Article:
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o 'clock (night of May 5th, I think) and marched someone and a half miles to U. S. Ford across the swollen Rappehammack on a Shaky pontoon bridge. Thence the next day back to our old camp ground at Brooks Station near Belle Plain Landing. This is my personal experience in the battle of Chancellorsville rather than a history of the battle. Which however, I ask you to read up carefully and in detail as far as you can find it, with a map of the field before you. How it came off -under "Fighting Joe Hooker" whom we all loved; how he had fully 120,000 men while Lee had but 60,000. Note: the army of the Potomac (Hooker's army) was man for man equal to the army of Va. (Lee's army). That Hooker threw the bulk of his army across the river without loss. It cost Grant the battle of the Wilderness a year later but Hooker had sent nearly all his cavalry off on a raid toward Richmond, which he so much needed to protect his flanks. That Hooker after he had gained the open ground in Lee's rear, with the bulk of his army, hesitated to fight but instead of moving right out and pitching into Lee's rear, he hesitated, drew back and formed a line and waited. Note the very hazardous but brilliant move suggested by Jackson, the greatest Lieutenant the war produced. His brilliant flank moves had decided every battle in Virginia. Lee consented under the desperate situation to divide his army permitting Jackson with half his whole army to move across our front around our right flank. No doubt Hooker himself made the inexcusable mistake of thinking Lee was falling back without a fight and also Sickels was deceived. But how can we excuse Gen. Howard for permitting a formidable army to assail his weakened corps in flank and rear after scores of warnings when, if he would have

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permitted it, a reconnaissance by one of his best regiments would have developed the danger in time to have averted disaster, and still less should he be excused or pardoned for trying as he did immediately after the battle and ever since to carry the impression that the llth corps would not fight. There is not an instance in the history of the world where a line has been held under the circumstances existing at the moment of the attack --circumstances for which Howard more than another man was responsible. Note also that this disaster to some three-fourths of the llth corps some 9000 men, did not necessarily lose the battle. Lee's army was divided) with more valiant fresh troops practically between the parts than there were in Lee's Whole army, with many more within supporting distance. This evacuation of Hazel Grove, an elevated plain commanding the position about the Chancellorsville House) and permitting Lee and Jackson to join forces. The Union lines were so contracted that not more than one-half of the army was engaged and that when Sedgewick: finally crossed the river and drove the few rebs left to hold Fredericksburg out and moved up to attack Lee, he fought alone the balance of the army being held in check by a skirmish line. Evidently Hooker showed an incapacity for commanding a great army. Though he was "fighting" Joe Hooker, he seemed to hesitate, and shrink from contact or combat with the enemy. It is quite a different thing to fight when ordered, from saying when and where to fight. Strategy and tactics differ from individual heroism. While the rebel army suffered quite as heavy losses as our army at Chancellorsville, yet the moral effect was that of defeat, when it Should have been an overwhelming victory from all human probability. The battle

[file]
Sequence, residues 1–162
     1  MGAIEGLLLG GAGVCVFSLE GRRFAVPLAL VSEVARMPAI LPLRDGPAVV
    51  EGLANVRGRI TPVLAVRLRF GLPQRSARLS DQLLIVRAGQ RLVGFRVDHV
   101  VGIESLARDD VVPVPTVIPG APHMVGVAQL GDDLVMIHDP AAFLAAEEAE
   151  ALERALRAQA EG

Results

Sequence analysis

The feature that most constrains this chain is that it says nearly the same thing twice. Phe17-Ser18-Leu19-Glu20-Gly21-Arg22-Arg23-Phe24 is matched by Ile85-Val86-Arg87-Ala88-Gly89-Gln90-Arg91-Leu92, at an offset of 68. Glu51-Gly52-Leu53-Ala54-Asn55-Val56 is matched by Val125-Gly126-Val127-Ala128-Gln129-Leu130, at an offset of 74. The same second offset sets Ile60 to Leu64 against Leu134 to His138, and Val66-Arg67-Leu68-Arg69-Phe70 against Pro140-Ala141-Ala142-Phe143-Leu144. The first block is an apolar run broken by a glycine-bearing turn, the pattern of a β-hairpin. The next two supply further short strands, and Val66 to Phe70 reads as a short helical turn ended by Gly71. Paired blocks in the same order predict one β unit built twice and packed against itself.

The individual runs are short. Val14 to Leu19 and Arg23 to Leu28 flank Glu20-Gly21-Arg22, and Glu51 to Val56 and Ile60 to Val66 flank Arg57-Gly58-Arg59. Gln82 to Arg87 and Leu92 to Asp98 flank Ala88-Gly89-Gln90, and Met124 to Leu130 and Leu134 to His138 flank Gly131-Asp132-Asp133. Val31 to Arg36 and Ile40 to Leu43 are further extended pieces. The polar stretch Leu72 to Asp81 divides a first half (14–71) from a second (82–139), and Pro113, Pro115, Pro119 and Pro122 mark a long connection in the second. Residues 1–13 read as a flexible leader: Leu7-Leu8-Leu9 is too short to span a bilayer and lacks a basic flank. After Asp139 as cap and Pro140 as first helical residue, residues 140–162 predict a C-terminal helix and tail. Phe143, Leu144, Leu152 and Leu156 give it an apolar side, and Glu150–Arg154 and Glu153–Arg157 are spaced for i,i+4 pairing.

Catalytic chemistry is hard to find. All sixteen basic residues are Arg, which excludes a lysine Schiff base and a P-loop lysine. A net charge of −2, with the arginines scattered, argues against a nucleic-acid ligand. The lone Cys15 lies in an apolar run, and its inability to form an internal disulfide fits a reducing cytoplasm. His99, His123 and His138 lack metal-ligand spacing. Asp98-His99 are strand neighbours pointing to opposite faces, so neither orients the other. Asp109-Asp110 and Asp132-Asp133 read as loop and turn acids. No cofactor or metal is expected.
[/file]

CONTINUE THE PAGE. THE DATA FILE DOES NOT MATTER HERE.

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was to be lost. Human slavery had not been atoned for. "God was marching on. Tramping out the vintage where the Grapes of wrath are stored." A loss of about one-third of our regiment in killed and wounded (loss -153) left many vacancies in our ranks and much sadness as we settled down to camp life again at our old quarters at Brooks Station. Here I began to be troubled with camp or Chronic diarrhea, Which became quite serious as we broke camp and marched up through Va. between Lee's army ( which had started for the North) and Washington. I remember that at Goose Creek a branch of the upper Potomac, we waded the stream about waist deep and went into camp, dried our clothes and the next morning I secured a sort of fishing tackle and caught three nice eels when some of the other boys came around and accused me of fishing on Sunday which I think was my only experience in that line, but the eels were very good eating for our mess just the same. In a day or two we crossed the Potomac on a long pontoon bridge and tramped on to South Mountain where a severe batt1e had been fought the year previous. About this time we heard Meade had superceeded Hooker. We lay there some thirty-six hours and about four P.M. June 27th, 1863, we started on a twenty-five hour march. The 28th was hot and showery. My bowels were troubling me exceedingly so I was not with my company after about eight o'clock in the morning. I was compelled to stop often and then hurry forward along the side of the road or anywhere I could get a chance. A soldier out of ranks had no rights in a vast marching army. About two o'clock there was a halt and I thought it my chance to